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Rather than religious fanaticism, poverty drives young men to become jihadi foot soldiers

Posted by :) on November 23, 2012


V G Patankar

In response to a police officer’s questions 26/11 gunman Ajmal Kasab said on national TV, as he lay injured in a hospital bed, that he didn’t know much about jihad but had joined the terrorists only to earn some good money that could help his poor family. How often i have heard a similar refrain from captured terrorists, during my deployment in the Kupwara sector of the Kashmir valley during the tumultuous years between 1997 and 1999!
They were usually young men in their late teens or early twenties, mostly unemployed, some with rudimentary education and some illiterate, but almost always from underprivileged families. The typical young terrorist usually belonged to a large family with meagre means; one among several siblings, with no more than one or at best two bread earners. Money was never adequate for basic needs and then there was always the question of marrying off the girls in the family into good families, fixing the leaking roof before the next monsoon, and so on.
The episode of 19-year-old Rizwan (name changed), from Pak Pattan in West Punjab, was typical of a young man attending a public rally organised by the likes of Lashkar-e-Taiba (LeT), getting carried away by all the fiery rhetoric and signing up to respond to what was perceived as a solemn religious duty. Rizwan infiltrated into Kashmir after some basic training in handling the proverbial AK-47. He moved with his group from hideout to hideout. Before long he was caught by the Indian Army and brought in for interrogation.
He was pleasantly surprised by the humane treatment he was given, because it was in contrast with what he had been told. He said that at a congregation near Lahore he had heard Islam was in danger in India, as many mosques were being destroyed and Muslims were not permitted to offer namaz or practice their religion.
He was told that families of those who joined up for jihad would be paid substantial sums in addition to regular sustenance to all jihadis during their tour of duty (usually two to three years). Besides he was assured that in the event that any jihadi was martyred, his family would receive a handsome amount to at least partially compensate for its loss. Coming from a landless family of farm workers and with three older sisters to be married off, his immediate thought was that this was his opportunity to help his family financially and, if in the process, he should die, he would be a shaheed, bringing further prestige to his family.
“I am not highly educated, sahib, but within a few days of coming to India i knew that i had been led up the garden path by falsehoods. In village after village i saw that mosques were not only intact but there were several of them and these were perhaps the best maintained buildings. Furthermore, if we didn’t show up for Friday prayers in time, the mosques would be so crowded that we would end up offering namaz on the street outside!”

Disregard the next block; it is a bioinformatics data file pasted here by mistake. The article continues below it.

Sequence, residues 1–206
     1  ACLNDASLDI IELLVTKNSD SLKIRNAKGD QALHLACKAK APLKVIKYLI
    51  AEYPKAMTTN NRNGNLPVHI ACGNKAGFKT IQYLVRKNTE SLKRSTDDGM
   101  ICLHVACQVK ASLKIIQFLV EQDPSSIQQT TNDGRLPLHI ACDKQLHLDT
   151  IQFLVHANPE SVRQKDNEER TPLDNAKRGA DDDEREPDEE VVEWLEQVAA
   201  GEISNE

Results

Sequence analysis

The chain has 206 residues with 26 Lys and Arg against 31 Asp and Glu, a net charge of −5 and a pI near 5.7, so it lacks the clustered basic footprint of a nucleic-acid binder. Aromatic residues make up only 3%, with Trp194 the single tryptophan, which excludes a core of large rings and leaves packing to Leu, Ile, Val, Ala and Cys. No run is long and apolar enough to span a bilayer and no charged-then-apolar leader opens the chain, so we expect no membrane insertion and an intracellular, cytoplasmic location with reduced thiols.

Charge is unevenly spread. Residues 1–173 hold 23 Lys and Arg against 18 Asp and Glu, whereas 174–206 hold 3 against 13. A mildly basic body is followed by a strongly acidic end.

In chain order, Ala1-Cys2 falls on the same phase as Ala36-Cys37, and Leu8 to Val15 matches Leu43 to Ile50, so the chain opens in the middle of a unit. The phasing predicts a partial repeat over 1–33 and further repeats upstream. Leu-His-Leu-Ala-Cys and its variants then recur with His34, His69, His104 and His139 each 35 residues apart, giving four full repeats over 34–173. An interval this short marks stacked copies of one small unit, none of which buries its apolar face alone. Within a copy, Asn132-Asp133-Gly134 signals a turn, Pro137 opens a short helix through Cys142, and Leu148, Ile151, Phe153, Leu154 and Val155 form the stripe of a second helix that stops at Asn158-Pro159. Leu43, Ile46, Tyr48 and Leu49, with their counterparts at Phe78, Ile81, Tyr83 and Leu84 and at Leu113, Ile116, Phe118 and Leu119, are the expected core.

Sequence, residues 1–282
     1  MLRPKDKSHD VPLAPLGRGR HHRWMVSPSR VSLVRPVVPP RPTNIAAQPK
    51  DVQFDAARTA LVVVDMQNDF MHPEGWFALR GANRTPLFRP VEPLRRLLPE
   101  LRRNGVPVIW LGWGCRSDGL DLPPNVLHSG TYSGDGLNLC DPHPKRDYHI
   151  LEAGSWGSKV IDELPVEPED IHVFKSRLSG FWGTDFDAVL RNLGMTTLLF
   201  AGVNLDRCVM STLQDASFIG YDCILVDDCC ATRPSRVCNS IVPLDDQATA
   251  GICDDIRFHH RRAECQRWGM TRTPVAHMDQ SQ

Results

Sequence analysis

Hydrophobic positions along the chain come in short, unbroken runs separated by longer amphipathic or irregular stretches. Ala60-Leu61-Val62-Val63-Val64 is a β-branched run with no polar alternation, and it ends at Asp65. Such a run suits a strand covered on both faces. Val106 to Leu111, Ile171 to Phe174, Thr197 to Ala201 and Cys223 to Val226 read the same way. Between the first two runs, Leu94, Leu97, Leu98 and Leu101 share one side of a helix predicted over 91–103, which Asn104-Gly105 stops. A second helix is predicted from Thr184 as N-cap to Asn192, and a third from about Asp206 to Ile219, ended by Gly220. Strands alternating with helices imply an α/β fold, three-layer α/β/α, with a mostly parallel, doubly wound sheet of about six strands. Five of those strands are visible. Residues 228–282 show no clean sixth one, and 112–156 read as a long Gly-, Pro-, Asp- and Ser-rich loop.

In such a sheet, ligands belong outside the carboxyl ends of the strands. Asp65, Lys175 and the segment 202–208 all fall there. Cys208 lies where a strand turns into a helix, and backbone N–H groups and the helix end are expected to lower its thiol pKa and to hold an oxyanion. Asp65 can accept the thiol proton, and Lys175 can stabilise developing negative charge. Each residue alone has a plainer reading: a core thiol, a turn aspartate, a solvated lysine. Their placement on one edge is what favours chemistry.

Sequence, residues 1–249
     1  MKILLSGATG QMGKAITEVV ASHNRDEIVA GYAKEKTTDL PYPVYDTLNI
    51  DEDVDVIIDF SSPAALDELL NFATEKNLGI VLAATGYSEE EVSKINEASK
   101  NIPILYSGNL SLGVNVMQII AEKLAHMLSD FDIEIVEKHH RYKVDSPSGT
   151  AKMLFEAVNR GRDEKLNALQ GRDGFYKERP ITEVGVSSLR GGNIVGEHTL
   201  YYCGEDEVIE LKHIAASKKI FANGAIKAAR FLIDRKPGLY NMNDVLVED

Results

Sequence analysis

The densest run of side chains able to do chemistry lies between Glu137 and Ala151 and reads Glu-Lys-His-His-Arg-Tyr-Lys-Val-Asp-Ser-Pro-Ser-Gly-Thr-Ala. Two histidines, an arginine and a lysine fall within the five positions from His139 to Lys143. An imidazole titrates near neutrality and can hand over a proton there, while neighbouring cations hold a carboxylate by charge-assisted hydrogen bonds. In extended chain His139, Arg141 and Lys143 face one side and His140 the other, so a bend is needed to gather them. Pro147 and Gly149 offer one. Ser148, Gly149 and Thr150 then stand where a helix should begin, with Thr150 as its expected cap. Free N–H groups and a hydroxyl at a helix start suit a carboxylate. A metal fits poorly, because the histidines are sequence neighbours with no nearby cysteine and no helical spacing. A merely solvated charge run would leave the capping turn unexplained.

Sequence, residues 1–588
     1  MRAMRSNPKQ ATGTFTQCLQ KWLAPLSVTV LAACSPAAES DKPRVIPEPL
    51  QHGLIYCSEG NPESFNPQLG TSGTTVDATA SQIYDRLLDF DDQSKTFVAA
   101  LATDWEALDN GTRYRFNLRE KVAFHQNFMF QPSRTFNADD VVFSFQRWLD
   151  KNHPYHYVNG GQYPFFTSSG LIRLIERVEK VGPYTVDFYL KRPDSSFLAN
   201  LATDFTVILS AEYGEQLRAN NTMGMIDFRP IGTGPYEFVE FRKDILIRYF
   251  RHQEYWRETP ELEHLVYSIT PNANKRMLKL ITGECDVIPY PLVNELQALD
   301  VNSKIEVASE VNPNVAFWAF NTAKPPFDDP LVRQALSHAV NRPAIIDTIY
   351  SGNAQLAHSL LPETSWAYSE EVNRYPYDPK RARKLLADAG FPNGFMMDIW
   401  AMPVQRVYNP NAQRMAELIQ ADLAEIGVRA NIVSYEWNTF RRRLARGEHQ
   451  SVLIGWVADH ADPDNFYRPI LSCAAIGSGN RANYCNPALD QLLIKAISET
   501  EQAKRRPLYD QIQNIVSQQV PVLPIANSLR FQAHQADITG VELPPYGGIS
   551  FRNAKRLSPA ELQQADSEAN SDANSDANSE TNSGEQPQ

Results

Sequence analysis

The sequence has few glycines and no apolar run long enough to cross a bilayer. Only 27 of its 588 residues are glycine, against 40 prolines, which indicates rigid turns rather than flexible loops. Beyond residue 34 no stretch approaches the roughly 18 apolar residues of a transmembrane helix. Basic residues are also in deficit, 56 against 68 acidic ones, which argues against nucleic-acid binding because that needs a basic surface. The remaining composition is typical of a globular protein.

In the case of a ‘khansama’ from a Pakistani Rangers battalion (a paramilitary force), he was simply lured by the prospects of making some quick money. Let’s call him Hamid, a cook working for a senior officer at Hyderabad (Sind). Hamid was spending some well earned leave at his village near Muzaffarabad in PoK. A friend introduced him to the local agent (an ISI operator) who recruited him as a porter for a short trip that would earn him about Rs 15,000. The task involved carrying some ‘logistic’ loads to Indian Kashmir. “No fighting”, he was assured; just follow the leader’s instructions. Lured by money, he joined an infiltrating group. But when bullets started flying, he surrendered to an Indian army patrol. When the army began asking questions about his training and recruitment, he confessed that he could not handle a weapon but was armed with many a good recipe!
Then there was this large group of ‘Afghan fighters’ that an infantry unit of the Indian army managed to capture through some skilful manoeuvre, without firing a single shot. Only one in the group could speak some broken Hindi. It seemed that the Afghans had come to Pakistan looking for some means of livelihood. They found jobs as stevedores at Bagh in PoK, where they were threatened with arrest as illegal immigrants. Their only salvation lay in, they were informed, acting as porters for the Mujahids.
That was just the beginning of their troubles. They were held in near-captivity and treated like beasts of burden, but they were not hungry and also earned some money. So they continued to endure, till sent on a mission. When they found themselves facing the wrong end of the Indian Army’s rifles, they surrendered without a fight. So much for the fierce Afghan fighter, ten feet tall!
Kasab was just another foot soldier. He was looking to earn some good money, following his father’s advice. He could have been just another Rizwan or Hamid. But the dice that his LeT masters threw fell the wrong way.
The writer, a retired Lt general in the Indian army, was formerly a Corps Commander in Kashmir

Ajmal Kasab: responding to which siren’s call?

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